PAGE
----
P. To what extent is Maradona not comparable to the prehistoric tragic hero, someone who ritually sacrificed himself to keep the community going?
R. Sometimes the remote future will be the remote past! I remember that the hated Juventus went to play in Naples and the local journalists were emboldened by the also hated president Gianni Agnelli. The guy went to the press conference and, teasing him, a Neapolitan asked him: “How is it possible that Maradona instead of going to Juventus came to Napoli?” Agnelli looked at them all and said: “Because we are not rich enough to have it.” He turned, turned, and added, “Not too poor to need it.”
P. Did he know that glory led to his destruction?
R. Yes. He was aware. Poor Diego.
P. Probably none of the greatest players in history put more energy into helping their teammates raise their level on the field of play. Why?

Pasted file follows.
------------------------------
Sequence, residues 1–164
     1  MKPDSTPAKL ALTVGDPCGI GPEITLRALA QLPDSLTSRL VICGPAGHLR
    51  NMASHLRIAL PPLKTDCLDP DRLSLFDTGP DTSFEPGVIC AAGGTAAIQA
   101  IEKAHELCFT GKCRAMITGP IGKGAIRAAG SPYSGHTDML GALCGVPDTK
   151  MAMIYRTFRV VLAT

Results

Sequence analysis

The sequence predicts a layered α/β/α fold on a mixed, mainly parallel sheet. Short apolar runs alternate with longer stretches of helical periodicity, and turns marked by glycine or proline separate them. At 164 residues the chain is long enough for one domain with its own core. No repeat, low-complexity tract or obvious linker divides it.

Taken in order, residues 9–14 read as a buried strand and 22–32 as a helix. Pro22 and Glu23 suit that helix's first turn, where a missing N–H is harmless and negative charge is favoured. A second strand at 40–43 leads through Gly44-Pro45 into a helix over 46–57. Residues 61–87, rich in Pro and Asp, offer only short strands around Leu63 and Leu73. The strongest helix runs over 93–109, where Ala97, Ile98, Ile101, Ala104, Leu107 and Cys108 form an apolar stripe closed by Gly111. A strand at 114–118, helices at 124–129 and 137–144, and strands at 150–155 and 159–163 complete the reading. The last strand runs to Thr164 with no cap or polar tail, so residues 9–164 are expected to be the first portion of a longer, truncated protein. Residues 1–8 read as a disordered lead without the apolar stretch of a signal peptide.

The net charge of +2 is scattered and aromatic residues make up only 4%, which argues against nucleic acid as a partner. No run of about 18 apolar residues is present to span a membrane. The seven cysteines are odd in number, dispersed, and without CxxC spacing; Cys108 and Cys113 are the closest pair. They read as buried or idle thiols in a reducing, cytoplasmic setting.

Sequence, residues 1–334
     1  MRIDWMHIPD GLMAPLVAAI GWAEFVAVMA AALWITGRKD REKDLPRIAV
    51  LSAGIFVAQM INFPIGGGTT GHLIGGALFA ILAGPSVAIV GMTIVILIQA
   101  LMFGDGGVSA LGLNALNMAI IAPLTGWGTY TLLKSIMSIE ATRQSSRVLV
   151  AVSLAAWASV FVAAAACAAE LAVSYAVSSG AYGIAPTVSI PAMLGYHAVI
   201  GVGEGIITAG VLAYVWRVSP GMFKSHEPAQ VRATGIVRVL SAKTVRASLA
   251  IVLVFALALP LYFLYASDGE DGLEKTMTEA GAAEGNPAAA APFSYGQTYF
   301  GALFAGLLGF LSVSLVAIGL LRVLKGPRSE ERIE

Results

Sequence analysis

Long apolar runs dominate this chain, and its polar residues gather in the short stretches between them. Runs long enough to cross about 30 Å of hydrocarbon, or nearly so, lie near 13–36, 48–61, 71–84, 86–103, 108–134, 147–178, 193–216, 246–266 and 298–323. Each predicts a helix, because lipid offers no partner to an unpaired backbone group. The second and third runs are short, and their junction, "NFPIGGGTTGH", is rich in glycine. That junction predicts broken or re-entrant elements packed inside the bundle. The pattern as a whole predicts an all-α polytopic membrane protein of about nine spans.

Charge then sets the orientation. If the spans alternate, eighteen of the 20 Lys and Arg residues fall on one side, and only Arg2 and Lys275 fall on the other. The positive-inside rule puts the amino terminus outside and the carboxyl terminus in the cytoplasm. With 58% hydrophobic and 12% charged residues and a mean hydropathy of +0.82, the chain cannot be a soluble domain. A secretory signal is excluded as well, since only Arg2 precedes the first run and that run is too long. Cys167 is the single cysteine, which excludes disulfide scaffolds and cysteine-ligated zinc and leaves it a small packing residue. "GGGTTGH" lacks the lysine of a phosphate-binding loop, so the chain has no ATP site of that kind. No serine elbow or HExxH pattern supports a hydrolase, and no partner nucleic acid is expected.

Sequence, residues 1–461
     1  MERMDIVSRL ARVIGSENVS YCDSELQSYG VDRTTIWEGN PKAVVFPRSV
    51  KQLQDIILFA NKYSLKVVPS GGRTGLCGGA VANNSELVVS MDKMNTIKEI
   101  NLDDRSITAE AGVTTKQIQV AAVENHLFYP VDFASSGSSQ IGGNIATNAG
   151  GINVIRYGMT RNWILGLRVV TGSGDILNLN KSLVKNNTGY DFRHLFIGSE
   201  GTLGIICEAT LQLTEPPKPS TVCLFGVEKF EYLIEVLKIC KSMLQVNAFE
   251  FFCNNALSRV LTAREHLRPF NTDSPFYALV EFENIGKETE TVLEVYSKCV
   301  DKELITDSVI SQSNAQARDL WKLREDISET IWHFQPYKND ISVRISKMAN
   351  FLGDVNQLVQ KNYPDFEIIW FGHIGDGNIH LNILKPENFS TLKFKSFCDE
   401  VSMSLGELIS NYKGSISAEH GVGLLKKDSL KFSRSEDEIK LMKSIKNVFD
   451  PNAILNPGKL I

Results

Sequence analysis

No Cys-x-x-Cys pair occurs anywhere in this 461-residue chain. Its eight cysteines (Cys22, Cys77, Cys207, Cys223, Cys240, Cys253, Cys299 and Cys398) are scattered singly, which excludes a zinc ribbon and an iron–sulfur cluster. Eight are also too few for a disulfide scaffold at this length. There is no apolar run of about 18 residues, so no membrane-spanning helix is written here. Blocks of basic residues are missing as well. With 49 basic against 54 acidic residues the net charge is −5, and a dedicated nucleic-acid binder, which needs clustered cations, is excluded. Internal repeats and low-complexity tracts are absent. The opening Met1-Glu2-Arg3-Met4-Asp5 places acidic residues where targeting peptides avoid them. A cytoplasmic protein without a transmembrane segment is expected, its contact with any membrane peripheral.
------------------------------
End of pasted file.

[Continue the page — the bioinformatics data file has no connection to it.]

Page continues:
R. Sartre used to say that we are what we do with what they made of us. Every time I can I go to Villa Fiorito to have some mates. If at two in the morning a woman shouts saying that the child is hungry, the lights come on and people come offering what little they have, because the little they have belongs to everyone. There is a sense of solidarity, of sharing, of caring for the other, because they know that it is the best way to alleviate all problems. That sense of community exists in the poorest neighborhoods. I live in Belgrano [barrio de clase media alta de Buenos Aires] and if I go out at night and cry out for help, I can die in peace because the people in these places have done it differently. In the villas there is a humanism, a tenderness, which is fascinating. Argentina is very similar to the United States in that sense: by the number of poets produced by the popular classes, which are the most sensitive.
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George Holan is chief editor at Plainsmen Post and has articles published in many notable publications in the last decade.